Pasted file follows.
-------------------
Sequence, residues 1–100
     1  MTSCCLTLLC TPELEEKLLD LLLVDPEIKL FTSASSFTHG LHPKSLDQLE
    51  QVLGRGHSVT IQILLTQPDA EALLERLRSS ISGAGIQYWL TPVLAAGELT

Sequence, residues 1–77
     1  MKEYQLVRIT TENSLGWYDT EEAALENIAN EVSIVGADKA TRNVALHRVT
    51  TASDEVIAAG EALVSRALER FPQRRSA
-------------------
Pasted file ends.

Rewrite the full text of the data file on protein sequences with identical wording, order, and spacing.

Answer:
Sequence, residues 1–100
     1  MTSCCLTLLC TPELEEKLLD LLLVDPEIKL FTSASSFTHG LHPKSLDQLE
    51  QVLGRGHSVT IQILLTQPDA EALLERLRSS ISGAGIQYWL TPVLAAGELT

Sequence, residues 1–77
     1  MKEYQLVRIT TENSLGWYDT EEAALENIAN EVSIVGADKA TRNVALHRVT
    51  TASDEVIAAG EALVSRALER FPQRRSA